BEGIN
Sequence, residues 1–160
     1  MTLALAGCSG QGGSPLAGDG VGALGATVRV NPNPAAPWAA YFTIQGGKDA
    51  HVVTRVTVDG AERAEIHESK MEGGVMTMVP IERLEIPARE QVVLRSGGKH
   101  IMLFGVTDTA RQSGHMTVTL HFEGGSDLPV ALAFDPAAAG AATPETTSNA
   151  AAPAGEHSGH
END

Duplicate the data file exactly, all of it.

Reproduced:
Sequence, residues 1–160
     1  MTLALAGCSG QGGSPLAGDG VGALGATVRV NPNPAAPWAA YFTIQGGKDA
    51  HVVTRVTVDG AERAEIHESK MEGGVMTMVP IERLEIPARE QVVLRSGGKH
   101  IMLFGVTDTA RQSGHMTVTL HFEGGSDLPV ALAFDPAAAG AATPETTSNA
   151  AAPAGEHSGH